It is, however, a scare tactic, and the employees are being given a week to “reconsider” their rejection of the deal. I hope they don’t panic and do read all the details so that they realize this is what they voted on to begin with — nothing new here.

  2. mike says:

    @InsideOpinion…have u looked at this issue as a city employee perspective? the workers were ripped off when we agreed for furloughs. we were promised increase at the end. instead, they breached the contract. city attorneys office, whom the mayor dislike by cutting their budget every year, defended the mayor and the city against the union and its workers. Ron Kaye is right and we knew this would happen if we don’t accept the proposal. The mayor needs to cut the city’s spending but not at the expense of the workers. A massive city wide audit must be done. Mayor Rico Suave needs to go, NOW!!!

  3. Anonymous says:

    City Hall is losing the confidence of the people and its work force.
    Ron, the entire city LOST CONFIDENCE a long time ago. City Hall is filled with nothing but a bunch of worthless. leaderless, incompetent thugs. They have wasted MILLIONS OF OUR tax dollars on BS stuff. Watch tonight Channel 9-2 David Goldstein report on the abuse of Traffic Enforcement and where they go on our dime. The corruption is beyond appalling and where is STate Controller John Chiang on the issue. Word has it he’s in deep with the thugs and terrified to audit LA. Well, then let’s push him and MAKE him the way he audited BELL. Or else let’s get him out.

  4. Anonymous says:

    This city government is so comitted to so many deals themselves that we ought to put them on furlough and reduce their pay. How about two “3 month” sessions a year?

  5. red says:

    “until there is honest and open public…” so until then, does that mean i have to continually stretch every nickle, dime and penny – of which, thanks to the ‘no’ vote, i have fewer of – and deny my kids what they NEED on a check to check basis so those who voted for the ratification AND those who proprietary departments can continue to collect a full check? we can sit here and talk about how promises were broken, but i’ll take a broken promise any day over more furloughs. to think that politicians would keep their word is a joke. but to allow them to now take more of my check so that the GENERAL FUND can stay above the red line, no! i don’t see it! that ‘no’ vote from MOU 3 just robbed my household – a single income, single mom of 2 teenagers, where we live in a hotel and have no car – of what little we can spare check to check. thanks 43%ers! thanks for NOTHING!

  6. Steward says:

    Ron, I can’t believe you hit the nail on the head…dead center this time.
    It is, in fact, a rebellion by the workers against their union leadership AND the City leaders. It is, in fact, a vote of no confidence. The City leaders and the Coalition principles tried every trick in the book, including but not limited to, lying to the workers and trying to intimidate them. The City leaders have not been honest with either the workers or tax-paying public. The Mayor’s retaliation now begins, however, irrespective of how these “immediate” furloughs are going to play out in the “real world” [The Mayor has not spent much time there lately]. The public is already waking up to the fact that the 911 operators services will be decimated. Although the Mayor will try his best to conceal this hazardous calamity, or try and deflect accountability, the press will be all over it. There is more to come because, of the adverse affects to Public Safety these furloughs will have, has yet to be revealed. The other shoe is about to drop!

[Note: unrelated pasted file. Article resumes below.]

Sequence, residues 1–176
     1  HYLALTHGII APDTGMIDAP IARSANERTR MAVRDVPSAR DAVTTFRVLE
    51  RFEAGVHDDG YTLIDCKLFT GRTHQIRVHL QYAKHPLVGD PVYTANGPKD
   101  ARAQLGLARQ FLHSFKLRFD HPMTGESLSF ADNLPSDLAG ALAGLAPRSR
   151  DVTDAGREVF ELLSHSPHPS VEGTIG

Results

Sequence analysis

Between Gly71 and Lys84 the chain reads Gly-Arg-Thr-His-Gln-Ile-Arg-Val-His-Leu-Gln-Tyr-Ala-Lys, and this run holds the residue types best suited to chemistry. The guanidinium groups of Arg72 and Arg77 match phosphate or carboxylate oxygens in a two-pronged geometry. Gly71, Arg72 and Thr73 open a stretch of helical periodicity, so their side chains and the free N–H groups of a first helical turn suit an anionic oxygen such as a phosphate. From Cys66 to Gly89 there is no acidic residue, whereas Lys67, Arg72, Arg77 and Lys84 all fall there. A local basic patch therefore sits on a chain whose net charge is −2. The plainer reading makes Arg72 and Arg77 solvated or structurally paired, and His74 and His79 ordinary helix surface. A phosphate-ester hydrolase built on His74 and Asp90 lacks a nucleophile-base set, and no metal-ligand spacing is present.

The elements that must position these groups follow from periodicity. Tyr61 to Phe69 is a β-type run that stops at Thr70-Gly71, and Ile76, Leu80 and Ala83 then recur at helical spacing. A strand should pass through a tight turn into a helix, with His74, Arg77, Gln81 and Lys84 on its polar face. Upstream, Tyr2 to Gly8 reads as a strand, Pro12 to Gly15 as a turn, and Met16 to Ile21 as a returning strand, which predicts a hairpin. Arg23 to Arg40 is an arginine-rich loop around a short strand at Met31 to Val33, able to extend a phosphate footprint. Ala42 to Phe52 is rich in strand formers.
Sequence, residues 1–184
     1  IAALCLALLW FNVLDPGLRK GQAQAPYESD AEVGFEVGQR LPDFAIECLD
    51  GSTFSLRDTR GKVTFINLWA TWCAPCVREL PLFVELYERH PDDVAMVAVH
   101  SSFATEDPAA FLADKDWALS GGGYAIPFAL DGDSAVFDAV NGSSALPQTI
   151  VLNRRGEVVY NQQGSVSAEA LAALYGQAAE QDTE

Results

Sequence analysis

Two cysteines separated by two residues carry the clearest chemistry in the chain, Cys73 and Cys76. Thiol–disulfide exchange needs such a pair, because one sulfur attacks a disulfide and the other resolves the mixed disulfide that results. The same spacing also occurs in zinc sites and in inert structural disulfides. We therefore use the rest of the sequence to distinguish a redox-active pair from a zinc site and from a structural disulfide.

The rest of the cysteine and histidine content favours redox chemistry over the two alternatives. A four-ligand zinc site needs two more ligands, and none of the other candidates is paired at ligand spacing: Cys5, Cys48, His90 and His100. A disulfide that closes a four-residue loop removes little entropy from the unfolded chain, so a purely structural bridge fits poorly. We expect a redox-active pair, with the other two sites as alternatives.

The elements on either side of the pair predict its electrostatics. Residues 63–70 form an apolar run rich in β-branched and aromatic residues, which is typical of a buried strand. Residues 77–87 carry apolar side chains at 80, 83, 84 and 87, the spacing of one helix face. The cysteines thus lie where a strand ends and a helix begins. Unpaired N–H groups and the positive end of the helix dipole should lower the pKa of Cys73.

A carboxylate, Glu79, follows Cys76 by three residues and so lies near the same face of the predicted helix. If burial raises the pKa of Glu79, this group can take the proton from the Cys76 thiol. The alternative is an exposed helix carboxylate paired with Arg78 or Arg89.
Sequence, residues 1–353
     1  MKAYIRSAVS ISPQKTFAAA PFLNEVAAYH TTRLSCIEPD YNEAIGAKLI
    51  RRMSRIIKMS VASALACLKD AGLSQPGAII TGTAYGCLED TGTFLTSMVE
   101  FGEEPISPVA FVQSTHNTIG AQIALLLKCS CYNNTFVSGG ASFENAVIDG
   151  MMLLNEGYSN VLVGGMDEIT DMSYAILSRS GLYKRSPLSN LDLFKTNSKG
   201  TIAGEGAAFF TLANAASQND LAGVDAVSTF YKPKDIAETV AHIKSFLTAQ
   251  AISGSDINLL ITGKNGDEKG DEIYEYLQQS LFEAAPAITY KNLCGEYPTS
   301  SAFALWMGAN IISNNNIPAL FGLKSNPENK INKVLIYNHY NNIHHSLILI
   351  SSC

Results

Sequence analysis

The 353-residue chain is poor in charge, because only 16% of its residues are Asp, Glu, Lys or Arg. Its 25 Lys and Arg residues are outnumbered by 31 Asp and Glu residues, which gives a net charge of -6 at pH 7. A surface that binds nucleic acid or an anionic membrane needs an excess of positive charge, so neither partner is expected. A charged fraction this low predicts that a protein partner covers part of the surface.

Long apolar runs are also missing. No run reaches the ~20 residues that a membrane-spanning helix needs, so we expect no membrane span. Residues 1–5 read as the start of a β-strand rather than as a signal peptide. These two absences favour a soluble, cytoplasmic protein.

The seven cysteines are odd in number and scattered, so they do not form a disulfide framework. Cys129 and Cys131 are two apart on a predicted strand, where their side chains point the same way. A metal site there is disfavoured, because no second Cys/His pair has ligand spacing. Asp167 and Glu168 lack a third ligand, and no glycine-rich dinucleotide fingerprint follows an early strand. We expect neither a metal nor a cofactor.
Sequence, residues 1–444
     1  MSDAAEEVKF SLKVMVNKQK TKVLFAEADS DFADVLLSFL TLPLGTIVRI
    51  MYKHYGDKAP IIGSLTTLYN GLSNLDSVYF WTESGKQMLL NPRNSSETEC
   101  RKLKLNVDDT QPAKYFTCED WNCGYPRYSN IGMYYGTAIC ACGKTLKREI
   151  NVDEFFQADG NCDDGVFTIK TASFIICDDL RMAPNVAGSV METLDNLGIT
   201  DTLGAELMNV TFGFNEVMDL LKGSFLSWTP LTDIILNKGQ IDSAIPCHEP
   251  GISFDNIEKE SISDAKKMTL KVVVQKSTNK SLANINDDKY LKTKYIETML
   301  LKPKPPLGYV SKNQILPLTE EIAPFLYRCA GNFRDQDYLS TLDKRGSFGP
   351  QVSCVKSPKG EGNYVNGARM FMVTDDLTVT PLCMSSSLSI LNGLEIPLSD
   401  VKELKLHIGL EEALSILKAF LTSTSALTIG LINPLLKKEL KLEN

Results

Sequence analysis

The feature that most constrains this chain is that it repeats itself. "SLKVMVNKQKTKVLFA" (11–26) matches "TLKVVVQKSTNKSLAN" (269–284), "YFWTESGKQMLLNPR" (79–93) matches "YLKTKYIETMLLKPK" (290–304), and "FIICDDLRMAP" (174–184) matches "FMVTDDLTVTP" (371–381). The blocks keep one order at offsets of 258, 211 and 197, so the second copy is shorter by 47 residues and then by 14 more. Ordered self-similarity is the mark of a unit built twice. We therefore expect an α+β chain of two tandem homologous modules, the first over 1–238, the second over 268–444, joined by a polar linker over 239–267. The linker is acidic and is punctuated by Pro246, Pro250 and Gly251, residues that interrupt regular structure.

Stay on this, things will happen quickly.

  7. nn says:

    Red, thanks for nothing? How are you going to feed your kids on less pay? At least with a furlough you could have used the day to work elsewhere for the money you need for your family. Now you get to work the same amount of hours for less pay – duh!

  8. Malikka says:

    @REd– we were going to have furloughs regardless!! Don’t believe the hype! It was smart of use 43%ers to vote no!!! They will always come back for more! Until the city gets rid of Mayor V, there is nothing you can do… Just relax, pray, and do your job to the best of your abiliities!

  9. a very sad city employee says:

    I will like too start by saying to “red” that im so saddened too hear what your going through with your family. It’s unfortunate too know that other people don’t take this type of situations into consideration or have the mentality that we do.
    I too am mad with the the voting outcome. We all should of voted YES. The way i see it is yeah we’re getting a pay cut by paying more, but guess what we’re vesting into ourselves, so in the long run its going to benefit us. If we worked for private industry company we would have too pay much more. Some of the people out there haven’t realized how good we have it here. I hope all the employees that voted NO realize the damage they have done too all of us.. All we could do now is pray for the best and hope this gets ratified.

  10. Anonymous says:

    Need to layoff 1000 police officers now that crime is at a 50 year low.

  11. a very sad city employee says:

    I will like too start by saying to “red” that im so saddened too hear what your going through with your family. It’s unfortunate too know that other people don’t take this type of situations into consideration or have the mentality that we do.